Does the predisposition genetic to bitterness affect dietary habits and nutrition status?

This article explores a fascinating field of nutrition studies . We will examine the connection between genetics and the ability to detect bitterness and the way it can influence dietary practices and our overall nutritional status. In my role as a nutritionist and dietitian, I'll share scientific insights, examples and tips that will help you understand this part of your dietary habits.

Understanding genetic predispositions is important

It is important to understand our genetic dispositions in order to manage our health and nutrition effectively. The ability to detect bitterness is largely determined by the TAS2R38 genetic code. This gene has also been associated with certain diet choices. People with high bitter taste sensitivity often steer clear of foods such as dark chocolate, coffee and some vegetables that are rich in nutrients.

The avoidance of cruciferous vegetables can lead to nutritional deficiencies, and an unbalanced eating pattern that may negatively impact one's overall health. A study in The American Journal of Clinical Nutrition found that people who are sensitive to bitterness eat fewer cruciferous veggies, and may miss out on the cancer-fighting benefits. Understanding your genetic disposition can be used to tailor diets for optimal health.

Start by identifying your predisposition

It's important to know your genetic disposition towards bitterness before making any changes in diet. A simple taste test using a substance called PROP (6-n-propylthiouracil) can reveal if you are a 'non-taster,' 'taster,' or 'super taster.' It is best to perform this test under the supervision of a professional. It is important to remember that knowing your predisposition does not mean labeling eating habits, but rather empowering you with the knowledge necessary to make informed choices about your diet.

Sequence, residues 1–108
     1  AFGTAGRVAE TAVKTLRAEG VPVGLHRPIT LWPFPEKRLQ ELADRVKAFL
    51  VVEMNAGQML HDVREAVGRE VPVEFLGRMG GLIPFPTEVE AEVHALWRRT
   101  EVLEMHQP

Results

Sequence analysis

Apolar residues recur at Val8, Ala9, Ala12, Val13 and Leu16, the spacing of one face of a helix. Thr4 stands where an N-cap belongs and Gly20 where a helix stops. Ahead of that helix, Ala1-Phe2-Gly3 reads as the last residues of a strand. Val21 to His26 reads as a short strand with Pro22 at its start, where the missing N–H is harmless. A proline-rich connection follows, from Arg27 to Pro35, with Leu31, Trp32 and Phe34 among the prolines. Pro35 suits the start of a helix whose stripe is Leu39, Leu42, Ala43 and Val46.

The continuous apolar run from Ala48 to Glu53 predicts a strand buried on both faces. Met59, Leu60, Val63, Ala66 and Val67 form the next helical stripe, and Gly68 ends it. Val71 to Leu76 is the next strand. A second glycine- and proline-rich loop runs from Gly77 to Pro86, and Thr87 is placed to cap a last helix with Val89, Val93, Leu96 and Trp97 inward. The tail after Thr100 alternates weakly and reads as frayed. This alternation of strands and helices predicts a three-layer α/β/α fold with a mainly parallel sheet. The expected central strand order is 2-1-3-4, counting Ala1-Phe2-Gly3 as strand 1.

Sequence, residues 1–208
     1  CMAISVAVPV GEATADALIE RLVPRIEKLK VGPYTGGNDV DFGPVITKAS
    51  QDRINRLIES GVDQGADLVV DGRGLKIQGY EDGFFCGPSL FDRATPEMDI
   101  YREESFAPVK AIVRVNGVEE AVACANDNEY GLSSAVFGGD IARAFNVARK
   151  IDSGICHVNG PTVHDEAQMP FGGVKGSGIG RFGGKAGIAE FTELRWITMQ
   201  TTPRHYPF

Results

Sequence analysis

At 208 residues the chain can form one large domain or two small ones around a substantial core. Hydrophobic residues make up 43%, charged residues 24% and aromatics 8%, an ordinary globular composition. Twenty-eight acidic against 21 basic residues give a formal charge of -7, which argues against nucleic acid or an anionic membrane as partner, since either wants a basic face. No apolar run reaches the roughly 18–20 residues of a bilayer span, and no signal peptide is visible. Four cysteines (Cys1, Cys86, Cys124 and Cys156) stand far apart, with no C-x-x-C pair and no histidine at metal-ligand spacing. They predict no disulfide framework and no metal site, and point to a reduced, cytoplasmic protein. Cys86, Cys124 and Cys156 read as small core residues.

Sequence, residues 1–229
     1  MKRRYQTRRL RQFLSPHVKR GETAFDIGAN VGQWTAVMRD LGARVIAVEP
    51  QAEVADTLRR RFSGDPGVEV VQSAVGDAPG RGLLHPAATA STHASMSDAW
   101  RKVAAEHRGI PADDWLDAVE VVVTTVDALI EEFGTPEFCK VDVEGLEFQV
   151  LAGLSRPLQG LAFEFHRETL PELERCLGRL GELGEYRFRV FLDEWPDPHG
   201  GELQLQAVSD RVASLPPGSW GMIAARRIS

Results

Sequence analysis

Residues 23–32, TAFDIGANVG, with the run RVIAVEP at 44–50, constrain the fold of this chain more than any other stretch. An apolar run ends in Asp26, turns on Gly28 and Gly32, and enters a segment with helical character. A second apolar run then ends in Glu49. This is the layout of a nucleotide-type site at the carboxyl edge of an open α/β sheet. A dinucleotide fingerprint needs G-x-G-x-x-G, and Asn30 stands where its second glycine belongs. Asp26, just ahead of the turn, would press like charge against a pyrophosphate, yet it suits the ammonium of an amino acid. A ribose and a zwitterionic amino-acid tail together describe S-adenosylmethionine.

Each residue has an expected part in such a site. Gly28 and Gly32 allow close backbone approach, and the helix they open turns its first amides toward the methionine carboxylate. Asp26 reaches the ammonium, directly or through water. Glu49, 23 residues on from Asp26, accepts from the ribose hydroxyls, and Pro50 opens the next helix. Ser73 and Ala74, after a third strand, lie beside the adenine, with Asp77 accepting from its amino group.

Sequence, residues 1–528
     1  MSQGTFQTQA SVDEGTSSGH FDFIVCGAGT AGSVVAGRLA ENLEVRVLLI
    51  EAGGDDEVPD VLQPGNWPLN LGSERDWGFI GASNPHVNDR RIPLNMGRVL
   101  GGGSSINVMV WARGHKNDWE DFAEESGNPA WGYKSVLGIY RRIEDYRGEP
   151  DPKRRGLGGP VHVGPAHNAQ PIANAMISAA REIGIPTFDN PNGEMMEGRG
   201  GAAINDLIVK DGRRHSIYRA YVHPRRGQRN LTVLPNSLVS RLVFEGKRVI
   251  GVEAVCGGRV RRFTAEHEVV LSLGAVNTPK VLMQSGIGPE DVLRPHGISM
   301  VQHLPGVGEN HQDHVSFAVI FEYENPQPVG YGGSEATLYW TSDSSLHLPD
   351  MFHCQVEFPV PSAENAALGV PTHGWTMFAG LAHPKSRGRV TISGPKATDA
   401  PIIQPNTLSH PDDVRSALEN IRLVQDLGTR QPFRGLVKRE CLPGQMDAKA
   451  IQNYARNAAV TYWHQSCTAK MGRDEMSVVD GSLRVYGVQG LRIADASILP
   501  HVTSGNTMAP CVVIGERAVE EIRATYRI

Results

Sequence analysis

Bitter foods and their nutritional impact

Other Tips

Consider a slow introduction of bitter foods to your diet, or combine them with flavors that will mask their bitterness. The cooking method can make a big difference. For example, roasting Brussels sprouts will help to reduce the bitterness. According to research in Appetite, exposing yourself to new tastes over time can lead to a greater liking.


Conclusion: Our genetic disposition to bitterness may have a significant impact on our nutritional and dietary status. Understanding this connection will help us make better decisions regarding our diets and ensure that we are getting the right nutrients. Nutrition is a personal thing. What works for you may not be the best for someone else. Finding the right balance is important.